It is Miller Center's way of connecting the academic mission of the university with the values and engagement that are important for a Catholic university that makes this program so unique, Warner said.
"The Ignatian spirituality is about the whole person," Kreiner said. "The fellows are discovering what matters to them emotionally, spiritually, as well as intellectually, and how they bring their talents in each of those different realms together to do something that gives them meaning and purpose in life."
But it's not just about the students. Kreiner said he found that during most internships, the students can be learning a lot but there isn't enough time or ability to allow for the students to make a true impact on the company or the people they're helping.
"Can we do something where the students are adding real value to the social enterprises?" he asked himself when coming up with the project.
Now Kreiner and Warner are hoping this kind of program will expand to other Jesuit universities.
They are currently working with the University of San Carlos in Cebu, in the Philippines. Instead of doing it as a fellowship, this university is planning an entire major, including about 200 students. And rather than flying them all over the world, its partnerships will be with local organizations, all a bus ride away from the university.
"They see entrepreneurship, micro entrepreneurship and social entrepreneurship as the strategy for helping their region of the Philippines develop economically and they want to be an agent of that," Warner said.
But it's those partnerships that are so important to a program like this, Warner said. The connections Miller Center already has to these social enterprises and the amount of time given to the students allow the students to make this kind of real impact.
Even after their courses and fieldwork, their jobs aren't done. A lot of abroad experiences just "drop people off" back at home and never "close the loop," Warner said. Santa Clara students are required to make a consulting-like report that they send to the organizations.
And for some, returning home can result in some of the bigger changes.
Elizabeth Kamya, a psychology and sociology major, had always thought she wanted to be a therapist working with women and trauma.
During her time with the fellowship she was a project manager for PICO-International/Rwanda.
"But after this project, I fell in love with communities," she said. "There's so much untapped potential in them."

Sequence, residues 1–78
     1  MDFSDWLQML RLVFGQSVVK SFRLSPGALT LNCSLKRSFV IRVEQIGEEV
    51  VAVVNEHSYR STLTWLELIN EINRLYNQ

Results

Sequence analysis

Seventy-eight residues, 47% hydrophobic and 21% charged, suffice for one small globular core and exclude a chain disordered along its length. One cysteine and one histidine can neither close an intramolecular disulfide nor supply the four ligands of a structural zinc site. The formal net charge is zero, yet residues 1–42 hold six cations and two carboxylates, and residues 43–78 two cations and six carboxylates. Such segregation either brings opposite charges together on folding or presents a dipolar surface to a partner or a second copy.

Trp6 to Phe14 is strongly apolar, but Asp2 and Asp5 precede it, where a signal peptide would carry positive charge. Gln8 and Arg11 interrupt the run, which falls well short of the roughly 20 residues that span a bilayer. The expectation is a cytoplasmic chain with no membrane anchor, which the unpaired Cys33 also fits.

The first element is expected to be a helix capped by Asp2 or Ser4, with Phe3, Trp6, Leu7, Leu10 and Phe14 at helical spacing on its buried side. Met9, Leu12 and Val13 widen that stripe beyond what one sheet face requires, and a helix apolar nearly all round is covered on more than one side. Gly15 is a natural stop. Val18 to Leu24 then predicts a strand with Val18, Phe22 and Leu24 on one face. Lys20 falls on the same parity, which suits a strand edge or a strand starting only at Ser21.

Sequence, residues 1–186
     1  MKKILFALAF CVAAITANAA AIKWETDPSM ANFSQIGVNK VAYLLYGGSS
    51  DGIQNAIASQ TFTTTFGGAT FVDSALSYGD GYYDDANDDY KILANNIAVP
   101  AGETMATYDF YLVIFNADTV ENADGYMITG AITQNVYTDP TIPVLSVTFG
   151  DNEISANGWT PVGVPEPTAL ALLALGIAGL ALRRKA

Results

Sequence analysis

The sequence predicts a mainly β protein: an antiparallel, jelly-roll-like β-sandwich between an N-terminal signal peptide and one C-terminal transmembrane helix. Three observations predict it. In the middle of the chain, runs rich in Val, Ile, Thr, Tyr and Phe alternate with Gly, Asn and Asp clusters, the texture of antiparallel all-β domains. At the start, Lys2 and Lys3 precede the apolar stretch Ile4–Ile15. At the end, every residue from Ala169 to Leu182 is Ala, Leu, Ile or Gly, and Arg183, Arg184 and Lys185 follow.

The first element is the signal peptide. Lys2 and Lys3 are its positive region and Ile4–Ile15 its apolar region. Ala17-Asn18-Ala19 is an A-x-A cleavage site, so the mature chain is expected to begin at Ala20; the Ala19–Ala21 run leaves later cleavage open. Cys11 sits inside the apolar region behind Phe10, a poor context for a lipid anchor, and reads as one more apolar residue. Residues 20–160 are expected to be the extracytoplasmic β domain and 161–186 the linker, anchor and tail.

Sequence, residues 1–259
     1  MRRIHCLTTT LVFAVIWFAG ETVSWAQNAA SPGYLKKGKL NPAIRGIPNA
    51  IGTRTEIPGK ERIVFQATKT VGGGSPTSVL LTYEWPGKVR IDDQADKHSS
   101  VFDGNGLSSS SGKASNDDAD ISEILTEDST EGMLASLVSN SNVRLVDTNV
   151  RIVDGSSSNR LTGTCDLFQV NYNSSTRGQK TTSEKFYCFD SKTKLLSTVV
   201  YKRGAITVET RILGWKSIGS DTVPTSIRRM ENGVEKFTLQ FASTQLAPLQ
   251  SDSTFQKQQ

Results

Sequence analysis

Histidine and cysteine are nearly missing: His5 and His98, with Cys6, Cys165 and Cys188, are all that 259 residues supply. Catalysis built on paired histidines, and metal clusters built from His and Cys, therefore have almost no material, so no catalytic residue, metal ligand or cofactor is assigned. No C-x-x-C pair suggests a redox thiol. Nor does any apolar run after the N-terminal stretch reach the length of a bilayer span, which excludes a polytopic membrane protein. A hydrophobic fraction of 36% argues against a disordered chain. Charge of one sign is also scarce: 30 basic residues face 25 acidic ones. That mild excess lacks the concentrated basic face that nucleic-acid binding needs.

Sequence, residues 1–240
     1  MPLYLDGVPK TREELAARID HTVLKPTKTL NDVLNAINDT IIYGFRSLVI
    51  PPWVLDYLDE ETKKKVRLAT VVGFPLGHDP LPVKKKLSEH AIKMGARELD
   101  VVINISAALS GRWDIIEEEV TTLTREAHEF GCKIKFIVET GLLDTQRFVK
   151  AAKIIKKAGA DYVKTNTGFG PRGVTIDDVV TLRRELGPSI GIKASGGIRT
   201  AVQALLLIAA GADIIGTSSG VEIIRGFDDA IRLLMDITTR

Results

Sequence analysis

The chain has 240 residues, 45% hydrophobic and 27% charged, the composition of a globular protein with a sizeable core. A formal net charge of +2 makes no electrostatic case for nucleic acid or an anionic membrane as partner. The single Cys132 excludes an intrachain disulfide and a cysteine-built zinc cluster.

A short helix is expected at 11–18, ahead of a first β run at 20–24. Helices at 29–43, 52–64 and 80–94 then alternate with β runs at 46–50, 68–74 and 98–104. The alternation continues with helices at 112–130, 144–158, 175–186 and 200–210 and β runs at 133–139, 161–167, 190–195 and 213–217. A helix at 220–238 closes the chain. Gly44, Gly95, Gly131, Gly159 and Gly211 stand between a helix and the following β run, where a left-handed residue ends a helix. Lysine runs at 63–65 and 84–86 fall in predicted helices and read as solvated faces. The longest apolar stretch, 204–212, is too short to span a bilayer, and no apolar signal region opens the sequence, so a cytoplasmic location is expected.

She also found a love for business and project managing. But that didn't come easy.
A lot of her job was listening and asking what the community wanted. About halfway through her fieldwork, everything was running smoothly, which should be great news for a project manager, but Kamya said she got insecure and no longer felted needed in a project she had worked so hard on.
"But then I realized I had a bigger role," she said. She then worked on mediating between Miller Center and PICO.
During one of those times, one person with PICO wanted to go to a coffee shop, but the students had a lot of work and Miller Center wanted the students to focus on that.
Although she wasn't exactly sure why it was so important to this person to go on this small trip, Kamya worked out a schedule including time enough for the coffee shop and work.
Her goal was just to make both groups happy, but it turned out to be even better than imagined. During the trip, an idea for a new entrepreneurship opportunity for PICO was born.
"Now we're trying to grow this PICO coffee idea from that," she said, adding that a continued project is happening with a new cohort of students that will help build business models and look for microfinance loans "to really get this up and running."
When she returned home, she knew she had to include her newfound love for business, project managing and communities into her career.
"If anything, it made me less sure about what I want to do but more sure about what I need to make me happy," she said.
She's considering getting a master's in social work with an emphasis on strengthening and organizing communities. But whatever her next steps are, she knows her experiences through the fellowship program have helped her understand and connect with the world around her.
"Whatever I do, I want to bring that empathy with me," Kamya said.
[Heather Adams is a freelance reporter based in Los Angeles.]